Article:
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IFAB to consider ‘radical’ new changes to concussion subs, time wasting and offside

The International Football Association Board will meet this week to discuss ‘radical’ changes, with concussion substitutes, time-wasting and clarification of the offside rule all on the agenda.

Football’s law-makers will discuss a wide-ranging number of topics which will include the offside rule following the controversy of Saturday’s Manchester Derby.

 

Marcus Rashford was deemed not to be interfering with play despite running towards the loose ball from an offside position, with Manchester City’s defenders arguing that Rashford’s presence influenced their own positions before Bruno Fernandes – arriving onside – swept in an equaliser for Manchester United.

The Telegraph are also reporting that a crackdown on time-wasting will be discussed, which could include the introduction of a stop-start clock similar to those used in American football and basketball.

Recent research from Sky Sports discovered the ball was in play for an average of less than 56 minutes this season, a record low for the Premier League. Europe’s other top leagues have also recorded their lowest-ever figures as players find new methods to run down the clock.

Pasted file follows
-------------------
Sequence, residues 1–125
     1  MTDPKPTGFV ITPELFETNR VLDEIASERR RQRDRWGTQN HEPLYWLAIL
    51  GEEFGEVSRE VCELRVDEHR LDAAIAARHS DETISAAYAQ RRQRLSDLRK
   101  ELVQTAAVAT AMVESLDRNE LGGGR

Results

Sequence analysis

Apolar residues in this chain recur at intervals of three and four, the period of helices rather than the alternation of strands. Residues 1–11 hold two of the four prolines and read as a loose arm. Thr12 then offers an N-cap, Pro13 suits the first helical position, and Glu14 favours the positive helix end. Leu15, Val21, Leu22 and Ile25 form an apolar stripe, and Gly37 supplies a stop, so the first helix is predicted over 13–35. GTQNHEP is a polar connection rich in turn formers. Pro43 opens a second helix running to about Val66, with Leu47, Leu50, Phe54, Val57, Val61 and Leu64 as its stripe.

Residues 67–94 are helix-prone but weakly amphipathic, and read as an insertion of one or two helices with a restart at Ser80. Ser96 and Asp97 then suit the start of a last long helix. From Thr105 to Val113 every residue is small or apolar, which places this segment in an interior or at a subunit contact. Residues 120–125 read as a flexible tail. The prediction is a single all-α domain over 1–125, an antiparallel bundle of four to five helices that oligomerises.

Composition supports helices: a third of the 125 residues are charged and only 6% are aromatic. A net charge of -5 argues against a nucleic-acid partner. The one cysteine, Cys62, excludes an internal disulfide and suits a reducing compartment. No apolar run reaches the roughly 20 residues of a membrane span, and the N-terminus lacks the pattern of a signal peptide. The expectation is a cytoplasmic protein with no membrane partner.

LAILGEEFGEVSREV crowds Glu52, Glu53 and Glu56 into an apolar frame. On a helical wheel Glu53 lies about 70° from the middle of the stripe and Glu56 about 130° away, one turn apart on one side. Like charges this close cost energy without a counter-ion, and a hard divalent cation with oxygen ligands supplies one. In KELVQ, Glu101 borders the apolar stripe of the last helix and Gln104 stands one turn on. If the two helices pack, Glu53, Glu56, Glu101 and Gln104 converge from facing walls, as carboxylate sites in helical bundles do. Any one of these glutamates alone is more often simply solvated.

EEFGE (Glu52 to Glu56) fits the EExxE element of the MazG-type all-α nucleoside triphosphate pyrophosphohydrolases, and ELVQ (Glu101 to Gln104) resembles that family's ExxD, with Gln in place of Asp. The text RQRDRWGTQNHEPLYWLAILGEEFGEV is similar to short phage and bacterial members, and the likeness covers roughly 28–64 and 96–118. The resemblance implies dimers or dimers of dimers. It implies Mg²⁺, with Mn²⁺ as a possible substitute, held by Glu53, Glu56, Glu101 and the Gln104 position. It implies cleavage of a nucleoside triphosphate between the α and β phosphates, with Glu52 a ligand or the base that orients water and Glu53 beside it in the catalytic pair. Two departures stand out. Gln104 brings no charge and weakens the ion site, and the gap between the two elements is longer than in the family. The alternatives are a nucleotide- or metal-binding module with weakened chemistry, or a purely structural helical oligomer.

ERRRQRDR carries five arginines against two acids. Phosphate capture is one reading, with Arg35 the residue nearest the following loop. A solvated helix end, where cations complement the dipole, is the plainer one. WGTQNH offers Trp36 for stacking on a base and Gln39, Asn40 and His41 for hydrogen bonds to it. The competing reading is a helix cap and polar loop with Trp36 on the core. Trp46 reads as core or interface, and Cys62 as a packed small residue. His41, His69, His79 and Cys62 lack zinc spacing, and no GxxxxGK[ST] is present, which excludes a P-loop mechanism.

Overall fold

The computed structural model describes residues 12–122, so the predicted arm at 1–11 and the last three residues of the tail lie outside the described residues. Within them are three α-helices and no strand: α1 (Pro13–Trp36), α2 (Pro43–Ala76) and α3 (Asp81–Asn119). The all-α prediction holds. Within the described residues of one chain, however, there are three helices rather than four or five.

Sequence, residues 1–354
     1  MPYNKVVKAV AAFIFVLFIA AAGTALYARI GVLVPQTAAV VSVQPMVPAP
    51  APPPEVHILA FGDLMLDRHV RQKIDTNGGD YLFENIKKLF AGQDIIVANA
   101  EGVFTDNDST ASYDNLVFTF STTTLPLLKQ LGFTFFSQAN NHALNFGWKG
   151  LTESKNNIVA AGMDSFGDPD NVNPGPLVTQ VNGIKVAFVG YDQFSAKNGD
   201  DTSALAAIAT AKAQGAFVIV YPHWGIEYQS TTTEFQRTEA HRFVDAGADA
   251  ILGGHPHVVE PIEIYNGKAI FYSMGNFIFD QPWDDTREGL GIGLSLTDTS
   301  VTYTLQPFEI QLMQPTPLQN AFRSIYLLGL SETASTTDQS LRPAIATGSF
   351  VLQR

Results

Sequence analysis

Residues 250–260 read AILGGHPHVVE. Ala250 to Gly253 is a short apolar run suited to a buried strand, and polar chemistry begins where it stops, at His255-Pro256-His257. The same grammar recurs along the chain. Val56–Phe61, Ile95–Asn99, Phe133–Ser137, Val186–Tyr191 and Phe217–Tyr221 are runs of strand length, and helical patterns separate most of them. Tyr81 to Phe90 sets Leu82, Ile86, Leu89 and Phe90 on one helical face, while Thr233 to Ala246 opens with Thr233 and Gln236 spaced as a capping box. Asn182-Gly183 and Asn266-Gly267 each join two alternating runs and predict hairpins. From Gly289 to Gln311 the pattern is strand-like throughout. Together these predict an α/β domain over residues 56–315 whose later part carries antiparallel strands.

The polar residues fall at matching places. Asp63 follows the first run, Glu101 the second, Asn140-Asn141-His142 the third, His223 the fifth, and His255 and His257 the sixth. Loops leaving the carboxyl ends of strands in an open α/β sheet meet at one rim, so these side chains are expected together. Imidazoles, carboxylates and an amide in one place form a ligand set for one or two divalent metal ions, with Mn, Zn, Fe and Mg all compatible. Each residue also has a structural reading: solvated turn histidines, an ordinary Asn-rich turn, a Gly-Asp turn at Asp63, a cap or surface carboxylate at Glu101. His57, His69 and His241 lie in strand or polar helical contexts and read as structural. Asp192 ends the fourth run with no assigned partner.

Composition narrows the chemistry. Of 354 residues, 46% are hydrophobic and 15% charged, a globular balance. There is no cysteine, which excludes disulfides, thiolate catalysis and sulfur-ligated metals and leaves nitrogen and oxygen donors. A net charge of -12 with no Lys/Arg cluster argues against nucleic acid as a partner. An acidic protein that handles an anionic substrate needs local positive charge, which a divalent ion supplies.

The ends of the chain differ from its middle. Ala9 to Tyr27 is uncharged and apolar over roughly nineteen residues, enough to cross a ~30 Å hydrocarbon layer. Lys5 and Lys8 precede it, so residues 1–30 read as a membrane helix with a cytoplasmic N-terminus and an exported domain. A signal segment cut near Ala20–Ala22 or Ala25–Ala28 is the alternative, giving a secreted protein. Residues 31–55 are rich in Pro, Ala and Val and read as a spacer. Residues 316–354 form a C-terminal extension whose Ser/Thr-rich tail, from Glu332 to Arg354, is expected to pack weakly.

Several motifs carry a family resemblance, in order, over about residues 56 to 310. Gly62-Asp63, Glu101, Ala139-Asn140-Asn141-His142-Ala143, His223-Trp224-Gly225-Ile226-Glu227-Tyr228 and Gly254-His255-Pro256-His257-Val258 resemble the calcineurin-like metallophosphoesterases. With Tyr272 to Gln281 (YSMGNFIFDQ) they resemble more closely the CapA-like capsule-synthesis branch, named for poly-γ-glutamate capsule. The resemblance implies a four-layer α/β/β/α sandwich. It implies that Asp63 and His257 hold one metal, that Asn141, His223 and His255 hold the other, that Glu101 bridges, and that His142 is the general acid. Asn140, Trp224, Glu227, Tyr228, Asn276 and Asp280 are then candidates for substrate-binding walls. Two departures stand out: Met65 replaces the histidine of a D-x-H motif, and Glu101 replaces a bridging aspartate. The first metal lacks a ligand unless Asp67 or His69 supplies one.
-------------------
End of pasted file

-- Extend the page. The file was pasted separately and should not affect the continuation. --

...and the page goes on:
The World Cup saw a first step towards eradicating time-wasting, with fourth officials adding on much longer periods of stoppage time. Fixtures in Qatar lasted for an average of 101 minutes and a stricter imposing of lost time from officials could also be introduced.

Another topic will be temporary concussion substitutes, with the Premier League having written to Ifab requesting a trial next season. Authorities believe that the trial of permanent concussion substitutes has helped reduce the impact of brain injuries and are advocating temporary substitutes which could come into effect next season.

The request comes after consultation with medical professionals who believe the introduction of temporary substitutes would reduce the pressure on doctors to make a swift decision on head injuries and would allow tests to be conducted away from the pitch.

If the player is deemed fit to return, he can be re-introduced for the concussion substitute, who alternatively would remain on the pitch as a permanent substitution if the injured player is unable to continue.

Read – Ranking the six most expensive Premier League players of all time

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